Unless you’re happy to tote a ton of IT equipment with you when you head off on holiday (I’m surely not), it can be surprisingly challenging to come up with a solution that allows a photographer to take all the (Raw) pictures he wants to take, unfettered by concerns about running out of storage.
Ideally he wants to be able to review and cull each day’s efforts too.
Yes, this is all doable if you take (say) a Windows laptop along, but these are usually relatively heavy and bulky; and often expensive – certainly, the less heavy and bulky they are, the more expensive they’re likely to be.
Pretty hefty chargers/power supplies, too.
Although they’ll do the job, this is not an ideal solution if you’re trying to travel light.
Last year I settled on what seemed like a pretty good alternative: a Samsung Tab Pro 10.1 tablet (expanding on an idea I first wrote about at the end of this piece) – but although the Samsung tab has a glorious screen, it still felt like a “kludge”:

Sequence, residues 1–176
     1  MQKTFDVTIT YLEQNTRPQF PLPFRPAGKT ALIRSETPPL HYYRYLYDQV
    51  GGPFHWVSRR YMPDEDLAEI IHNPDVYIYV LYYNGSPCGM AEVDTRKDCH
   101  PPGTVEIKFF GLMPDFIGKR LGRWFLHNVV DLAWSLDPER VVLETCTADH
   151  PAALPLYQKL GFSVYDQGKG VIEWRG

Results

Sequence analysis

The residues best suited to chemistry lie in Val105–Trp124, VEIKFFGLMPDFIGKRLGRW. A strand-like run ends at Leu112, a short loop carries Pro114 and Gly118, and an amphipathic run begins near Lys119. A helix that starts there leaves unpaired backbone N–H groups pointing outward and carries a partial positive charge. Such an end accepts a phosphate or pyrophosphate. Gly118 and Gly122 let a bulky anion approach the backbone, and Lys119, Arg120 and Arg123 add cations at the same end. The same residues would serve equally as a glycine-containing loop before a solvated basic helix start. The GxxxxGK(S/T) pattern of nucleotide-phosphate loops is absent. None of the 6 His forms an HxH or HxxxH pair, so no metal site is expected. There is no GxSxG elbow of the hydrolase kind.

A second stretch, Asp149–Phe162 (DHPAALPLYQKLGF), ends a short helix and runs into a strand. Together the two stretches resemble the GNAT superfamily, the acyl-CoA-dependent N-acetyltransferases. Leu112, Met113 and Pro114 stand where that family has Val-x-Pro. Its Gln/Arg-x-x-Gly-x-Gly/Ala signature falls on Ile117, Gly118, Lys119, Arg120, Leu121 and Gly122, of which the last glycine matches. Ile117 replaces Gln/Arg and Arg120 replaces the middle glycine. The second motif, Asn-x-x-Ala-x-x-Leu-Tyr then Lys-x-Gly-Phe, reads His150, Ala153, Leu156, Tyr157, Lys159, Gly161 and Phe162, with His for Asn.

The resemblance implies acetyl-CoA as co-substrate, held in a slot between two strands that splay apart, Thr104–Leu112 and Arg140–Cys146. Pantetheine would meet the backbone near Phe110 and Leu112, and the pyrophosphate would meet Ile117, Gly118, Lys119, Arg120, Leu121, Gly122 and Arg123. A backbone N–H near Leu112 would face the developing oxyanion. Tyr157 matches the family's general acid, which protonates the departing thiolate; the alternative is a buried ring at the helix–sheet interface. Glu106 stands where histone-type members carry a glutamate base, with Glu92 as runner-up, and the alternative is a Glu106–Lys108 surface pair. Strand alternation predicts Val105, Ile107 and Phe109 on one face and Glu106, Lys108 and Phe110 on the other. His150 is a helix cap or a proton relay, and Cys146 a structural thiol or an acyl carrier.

So a tablet works, but it’s not a great experience. In short, it’s a bloody chore.
Android doesn’t support Raw files natively, and the Android apps that do are faffy, slow, unintuitive and functionally limited;
Transferring Raws around is resource/power intensive, so tablets need to be connected to the mains if you’re moving a lot of files;
It’s not possible to transfer files from card reader via the tablet straight onto external storage – there’s only one USB port, so it has to be USB card reader to in-tablet storage, then in-tablet storage to external USB storage;
Although the tablet will happily write to a USB stick, it won’t power/write to an external HDD;
Even now, most tablets are USB 2 only. Having used USB 3.0 on my desktop for a while now, it’s a significant benefit that I want away from home too.
OK, back to my Windows lappy then?